Here are this week’s news and highlights for China:
Dolce & Gabbana Shanghai Show Canceled, Chinese Celebs and Models Flee Furor: How did D&G manage to make such a monumental blunder, again? How China’s general public perceive D&G racism row from the Global Times.
The American Dream is Alive. In China.: Here are two 18-year-olds, one in China, the other in the United States, both poor and short on prospects. You have to pick the one with the better chance at upward mobility. The answer is startling: China has risen so quickly that your chances of improving your station in life there vastly exceed those in the United States. Chinese men born in 2013 are expected to live more than seven years longer than those born in 1990; women are expected to live nearly 10 years longer. Some stunning charts highlight the unprecedented rise of Chinese consumers which is driving their optimism.
Chinese Consumers Aren’t Spending as Much. Many Are Worried About the Future: China’s retail sales growth dropped to 8.6% growth in October, yet remains well above the United States’ 4.6%. Chinese are spending more on travel, healthcare and dining out – 37% of new openings in Beijing shopping malls in the last 12 months were in food and beverage. Sportswear and home accessories store openings were also seeing significant growth. Credit purchases are an increasingly popular ways to pay with instalment platform Fenqile’s Singles’ Day customers doubling. The post-95 generation accounted for more than 60% of the total sales that day.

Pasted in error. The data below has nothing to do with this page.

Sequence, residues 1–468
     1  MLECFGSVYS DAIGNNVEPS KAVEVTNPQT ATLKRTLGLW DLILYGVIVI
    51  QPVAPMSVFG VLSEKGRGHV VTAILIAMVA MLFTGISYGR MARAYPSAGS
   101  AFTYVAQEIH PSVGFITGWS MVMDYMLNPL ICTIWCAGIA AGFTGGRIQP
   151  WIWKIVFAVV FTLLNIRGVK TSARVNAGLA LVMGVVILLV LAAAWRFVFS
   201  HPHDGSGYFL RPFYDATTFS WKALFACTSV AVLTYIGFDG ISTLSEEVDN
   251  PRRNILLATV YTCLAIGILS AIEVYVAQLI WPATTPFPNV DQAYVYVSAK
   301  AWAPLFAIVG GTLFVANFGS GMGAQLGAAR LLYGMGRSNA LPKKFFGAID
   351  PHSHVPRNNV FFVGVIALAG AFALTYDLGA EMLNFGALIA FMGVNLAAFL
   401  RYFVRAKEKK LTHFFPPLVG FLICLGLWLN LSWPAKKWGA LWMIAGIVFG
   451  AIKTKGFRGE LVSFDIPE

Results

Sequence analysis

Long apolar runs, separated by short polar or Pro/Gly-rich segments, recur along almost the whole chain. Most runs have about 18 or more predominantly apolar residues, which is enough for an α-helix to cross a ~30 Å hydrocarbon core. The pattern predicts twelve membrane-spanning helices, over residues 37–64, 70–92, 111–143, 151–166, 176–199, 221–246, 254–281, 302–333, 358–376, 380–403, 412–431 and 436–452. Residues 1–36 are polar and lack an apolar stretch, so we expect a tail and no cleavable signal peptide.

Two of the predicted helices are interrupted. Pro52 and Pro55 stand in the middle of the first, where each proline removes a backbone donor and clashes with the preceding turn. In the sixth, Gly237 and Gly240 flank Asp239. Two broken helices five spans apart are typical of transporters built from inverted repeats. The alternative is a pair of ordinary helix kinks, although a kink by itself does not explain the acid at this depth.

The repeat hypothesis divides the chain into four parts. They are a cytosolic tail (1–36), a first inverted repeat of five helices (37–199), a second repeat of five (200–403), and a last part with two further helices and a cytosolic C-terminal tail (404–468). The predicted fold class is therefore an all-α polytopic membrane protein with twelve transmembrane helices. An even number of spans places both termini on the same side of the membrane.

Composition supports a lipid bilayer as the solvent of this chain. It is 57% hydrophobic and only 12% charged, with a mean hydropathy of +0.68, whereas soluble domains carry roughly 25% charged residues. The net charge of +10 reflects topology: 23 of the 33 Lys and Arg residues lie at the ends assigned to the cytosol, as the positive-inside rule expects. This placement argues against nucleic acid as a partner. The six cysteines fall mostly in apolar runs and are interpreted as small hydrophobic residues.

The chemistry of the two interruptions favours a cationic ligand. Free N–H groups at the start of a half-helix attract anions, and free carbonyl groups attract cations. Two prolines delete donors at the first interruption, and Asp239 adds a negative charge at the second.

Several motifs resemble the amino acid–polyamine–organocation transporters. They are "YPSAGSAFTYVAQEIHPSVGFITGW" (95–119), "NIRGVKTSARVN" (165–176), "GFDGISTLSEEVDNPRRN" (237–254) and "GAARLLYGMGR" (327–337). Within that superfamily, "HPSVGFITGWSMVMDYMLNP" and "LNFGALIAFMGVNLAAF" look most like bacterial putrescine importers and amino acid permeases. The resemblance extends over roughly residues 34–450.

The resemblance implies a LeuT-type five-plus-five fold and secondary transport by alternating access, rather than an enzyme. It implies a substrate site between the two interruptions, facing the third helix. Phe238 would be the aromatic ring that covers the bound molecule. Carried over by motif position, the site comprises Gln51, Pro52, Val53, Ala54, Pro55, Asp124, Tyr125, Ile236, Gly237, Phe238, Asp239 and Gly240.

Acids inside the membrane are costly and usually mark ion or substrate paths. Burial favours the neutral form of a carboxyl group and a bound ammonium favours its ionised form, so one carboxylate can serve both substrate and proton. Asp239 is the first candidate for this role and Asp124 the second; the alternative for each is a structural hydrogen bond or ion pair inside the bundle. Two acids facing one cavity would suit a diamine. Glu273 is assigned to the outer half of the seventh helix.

China’s 2019 Ecommerce Laws Finally Announced: After much anticipation, Beijing has released the details of the new ecommerce laws which will be implemented on 1 January 2017.
Research Highlights Class Divide Between ‘Poor’ Apple iPhone and ‘Rich’ Huawei Users in China: Most iPhone users are unmarried females aged between 18 and 34, who graduated with just a high-school certificate and earn a monthly income of below ¥3,000 yuan ($432) according to Mobdata research. They are perceived to be part of a group known as the “invisible poor” – those who do not look as poor as their financial circumstances. By comparison, Huawei phone users are generally married males aged between 25 and 34, hold a diploma or bachelor’s degree and whose monthly incomes of ¥5,000-¥20,000 ($720-$2880). The research also found that a large proportion of Huawei users own flats and cars while Apple users do not. We’re not sure how robust this research is, but a good PR campaign for Huawei nevertheless.
China’s Courier Sector Rises 20.5% in First 10 Months: China’s courier sector rose 20.5% to ¥635.04 billion yuan ($91.5 billion) year-on-year in the first 10 months of 2018. 39.43 billion parcels were delivered. Cross-border courier services increased 38.4%. Guangzhou topped parcel delivery at 3.97 billion units, followed by Shanghai at 2.76 billion and Jinhua’s 2.75 billion.
Frustrated Chinese Consumers Embrace Curated Social Media Shopping Lists Amid ‘Infotoxication’: Single’s Day shoppers took to social media to complain about the sometimes-confusing nature of the online shopping experience, citing a bloated selection of products and a user experience that has become so esoteric that it spawned an entire industry of curated shopping lists. #canIcopyyourshoppinglist was the top-trending Singles’ Day term on Weibo and Little Red Book hosted more than 241,000 individual entries on its #Double11WorthList.